Wilkeson’s skeleton is in a car, not a closet

  • Fri Dec 18th, 2009 6:49pm
  • Life

By Sharon Wootton For The Herald

Coal mines and sandstone quarries put Wilkeson on the map, but these days, the most-photographed item in town is a skeleton.

South of Buckley, Highway 165 runs through Wilkeson, winding 18 miles along the Carbon River to Mount Rainier National Park.

Most of the downtown buildings date back to the 1920s, said Donna Hogerhuis, president of the Wilkeson Historical Society.

“Both sides of the street were burned in 1910 and 1914, once on one side and the second fire burned the other side.

“Eagles Hall is a cool building with original furniture. The Eagles … is the only fraternity left. Once there were over a dozen fraternities and ethnic halls in Wilkeson,” Hogerhuis said.

One mandatory stop is at Skeek’s Pizza, where history, pizza, lattes and Italian sodas share the space. When Bert Gonzales talks about the town, you’ll quickly get an appreciation for the mining and quarrying history.

Sandstone has been quarried here since 1886.

Local sandstone is popular because of its warm tones and fine texture. It was used for Olympia’s capitol buildings, Seattle’s Bon Marche, Vista Point on the Columbia River, Cathedral of St. John Evangelist in Spokane, cobblestones in Seattle’s Pioneer Square, and Wilkeson’s City Hall and school.

Walk to the rear of his store for historic photographs and artifacts, including a 15-foot-long blade, a quarter-inch thick and 5 inches wide that cut sandstone blocks.

Mines and quarries needed thousands of immigrants.

“The mines (until the 1930s) played a major role in keeping Northern Pacific Railroad’s creditors at bay around 1876, long enough to keep their charter and complete the transcontinental line connecting Tacoma to the East Coast,” Hogerhuis said.

Thirty coke ovens in Wilkeson Coke Oven Park are all that remain of the original 160. You can see the shells of the beehives. The ovens, named for their domed shape, were used to turn coal into coke for steel and iron foundries.

Two churches have a long history. One, the wood-frame Holy Trinity Orthodox Church, has a blue Russian-style onion-dome cupola with a three-barred cross.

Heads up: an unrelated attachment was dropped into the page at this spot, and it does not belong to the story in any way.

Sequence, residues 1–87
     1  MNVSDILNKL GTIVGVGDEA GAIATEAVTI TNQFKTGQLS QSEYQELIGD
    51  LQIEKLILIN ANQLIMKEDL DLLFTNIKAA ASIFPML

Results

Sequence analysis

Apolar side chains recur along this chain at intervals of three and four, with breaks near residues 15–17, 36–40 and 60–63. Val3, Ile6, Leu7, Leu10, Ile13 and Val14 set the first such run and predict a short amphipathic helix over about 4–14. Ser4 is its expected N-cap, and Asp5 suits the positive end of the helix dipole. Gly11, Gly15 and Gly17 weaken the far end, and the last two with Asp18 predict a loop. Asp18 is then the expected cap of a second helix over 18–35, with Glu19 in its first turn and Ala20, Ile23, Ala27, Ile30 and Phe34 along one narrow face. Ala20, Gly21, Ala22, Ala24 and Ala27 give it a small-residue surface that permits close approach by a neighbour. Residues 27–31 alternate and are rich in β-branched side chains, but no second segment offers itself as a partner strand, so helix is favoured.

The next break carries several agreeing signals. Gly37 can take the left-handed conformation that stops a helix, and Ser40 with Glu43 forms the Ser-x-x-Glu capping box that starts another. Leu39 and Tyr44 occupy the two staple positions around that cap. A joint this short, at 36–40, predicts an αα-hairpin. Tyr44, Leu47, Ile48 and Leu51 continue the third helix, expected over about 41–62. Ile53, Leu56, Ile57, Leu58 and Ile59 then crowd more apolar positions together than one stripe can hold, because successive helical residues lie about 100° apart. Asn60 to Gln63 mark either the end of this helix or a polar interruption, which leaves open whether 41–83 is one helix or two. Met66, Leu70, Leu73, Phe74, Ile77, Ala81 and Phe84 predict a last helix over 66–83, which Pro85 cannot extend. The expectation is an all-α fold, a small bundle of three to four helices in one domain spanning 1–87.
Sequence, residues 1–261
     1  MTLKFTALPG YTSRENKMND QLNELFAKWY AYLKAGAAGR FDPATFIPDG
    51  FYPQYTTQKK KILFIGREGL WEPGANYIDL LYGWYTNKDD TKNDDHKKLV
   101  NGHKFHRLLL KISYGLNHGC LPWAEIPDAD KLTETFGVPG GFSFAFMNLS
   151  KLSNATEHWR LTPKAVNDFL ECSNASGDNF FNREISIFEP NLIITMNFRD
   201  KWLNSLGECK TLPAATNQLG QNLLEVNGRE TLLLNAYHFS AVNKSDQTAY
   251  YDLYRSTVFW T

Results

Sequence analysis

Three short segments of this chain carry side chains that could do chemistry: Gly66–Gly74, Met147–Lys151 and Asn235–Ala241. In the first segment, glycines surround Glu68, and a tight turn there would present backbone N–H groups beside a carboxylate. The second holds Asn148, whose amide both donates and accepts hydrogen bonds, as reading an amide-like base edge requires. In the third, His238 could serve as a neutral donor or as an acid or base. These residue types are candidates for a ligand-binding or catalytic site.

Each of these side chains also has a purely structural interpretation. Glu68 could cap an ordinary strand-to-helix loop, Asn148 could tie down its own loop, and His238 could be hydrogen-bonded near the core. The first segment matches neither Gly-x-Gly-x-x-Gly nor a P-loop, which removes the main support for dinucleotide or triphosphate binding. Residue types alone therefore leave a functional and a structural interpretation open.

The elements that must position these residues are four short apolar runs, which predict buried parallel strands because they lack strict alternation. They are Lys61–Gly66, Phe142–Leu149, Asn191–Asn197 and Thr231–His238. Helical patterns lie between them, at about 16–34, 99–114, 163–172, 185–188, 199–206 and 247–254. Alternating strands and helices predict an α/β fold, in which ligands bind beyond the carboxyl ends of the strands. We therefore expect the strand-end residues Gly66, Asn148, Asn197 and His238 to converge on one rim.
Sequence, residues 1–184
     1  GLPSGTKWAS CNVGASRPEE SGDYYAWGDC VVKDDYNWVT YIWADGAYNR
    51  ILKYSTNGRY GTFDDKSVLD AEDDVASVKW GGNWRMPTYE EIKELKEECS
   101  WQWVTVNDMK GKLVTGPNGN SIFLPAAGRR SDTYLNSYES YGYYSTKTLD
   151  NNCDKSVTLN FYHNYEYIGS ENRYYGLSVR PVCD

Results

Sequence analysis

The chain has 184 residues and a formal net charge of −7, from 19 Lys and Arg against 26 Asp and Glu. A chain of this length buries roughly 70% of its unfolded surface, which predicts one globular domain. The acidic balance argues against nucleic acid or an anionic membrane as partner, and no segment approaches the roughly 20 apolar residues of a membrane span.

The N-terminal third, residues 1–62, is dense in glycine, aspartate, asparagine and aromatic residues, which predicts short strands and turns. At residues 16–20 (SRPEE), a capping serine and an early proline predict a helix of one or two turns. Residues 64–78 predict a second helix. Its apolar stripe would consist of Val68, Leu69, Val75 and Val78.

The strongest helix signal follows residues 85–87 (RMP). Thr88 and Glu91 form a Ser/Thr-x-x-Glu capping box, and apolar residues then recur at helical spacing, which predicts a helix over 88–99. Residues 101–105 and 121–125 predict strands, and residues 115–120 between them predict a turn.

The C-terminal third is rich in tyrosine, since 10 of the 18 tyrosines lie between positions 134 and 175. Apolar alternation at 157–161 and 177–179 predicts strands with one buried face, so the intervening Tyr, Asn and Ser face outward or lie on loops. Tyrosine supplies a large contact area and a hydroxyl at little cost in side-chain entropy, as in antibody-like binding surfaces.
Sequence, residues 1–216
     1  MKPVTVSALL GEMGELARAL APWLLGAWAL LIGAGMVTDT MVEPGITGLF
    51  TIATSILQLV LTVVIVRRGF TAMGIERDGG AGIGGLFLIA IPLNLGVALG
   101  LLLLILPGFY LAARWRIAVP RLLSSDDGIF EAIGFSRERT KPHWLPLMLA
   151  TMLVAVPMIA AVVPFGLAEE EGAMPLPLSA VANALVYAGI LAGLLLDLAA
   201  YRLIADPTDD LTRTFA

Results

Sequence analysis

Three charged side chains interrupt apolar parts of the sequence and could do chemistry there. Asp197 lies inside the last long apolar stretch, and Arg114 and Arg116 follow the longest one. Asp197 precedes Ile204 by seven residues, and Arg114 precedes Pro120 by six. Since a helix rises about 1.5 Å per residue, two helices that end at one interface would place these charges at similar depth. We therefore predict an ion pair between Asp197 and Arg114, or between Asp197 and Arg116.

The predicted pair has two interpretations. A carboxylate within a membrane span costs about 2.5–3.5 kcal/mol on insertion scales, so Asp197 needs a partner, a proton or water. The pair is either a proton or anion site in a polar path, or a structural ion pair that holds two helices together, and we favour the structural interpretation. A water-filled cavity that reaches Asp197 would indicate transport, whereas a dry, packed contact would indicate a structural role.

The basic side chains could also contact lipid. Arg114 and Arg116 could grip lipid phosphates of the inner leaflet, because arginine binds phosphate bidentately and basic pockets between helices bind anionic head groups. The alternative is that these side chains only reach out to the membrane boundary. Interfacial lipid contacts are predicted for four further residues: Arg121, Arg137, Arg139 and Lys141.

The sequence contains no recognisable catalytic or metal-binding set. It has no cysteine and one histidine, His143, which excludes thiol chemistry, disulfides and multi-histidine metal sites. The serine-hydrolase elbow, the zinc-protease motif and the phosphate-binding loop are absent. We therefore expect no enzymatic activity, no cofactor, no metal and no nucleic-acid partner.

And that skeleton? A few Halloweens ago, Dale Perry, owner and resident of the Washington Hotel, put the skeleton in his 1925 Ford Model T and left it out front.

His 1880 hotel is on the state Register of Historic Places.

“Many a man has died in here in gunfights,” Perry said.

In the 1880s, more than a dozen saloons gave miners, loggers and quarry workers a chance to let off steam … and an occasional bullet.

Wilkeson is much quieter now.

Click-click: Sometimes the best bird photography opportunities happen when you’re not near your camera, or even near the bird.

Brinno’s BirdWatchCam is a way around that. I liked several of its qualities, including a well-built water-resistant plastic housing (that’s even attractive), three distance settings, motion activation in a 9-by-12-inch sensing area, an automatic sleep mode that saves batteries, and four ways to attach the camera to trees, posts, walls or windows.

A bird’s motion triggers a series of shots that are filed on a 2GB SD memory card as .jpg files. Download into your computer and take your pick. Cool.

It doesn’t have an endless depth of field. If a bird lands at the preset 2-meter mark, for instance, the sharpest focus is there and for a foot or so beyond. The jpeg size works for Internet sharing. As for printing, a Brinnon spokesman assured me that a 5-by-7-inch print is fine.

BirdWatchCam (www.brinno.com) is about $200 retail, but this is the season of sales.

Columnist Sharon Wootton can be reached at 360-468-3964 or www.songandword.com.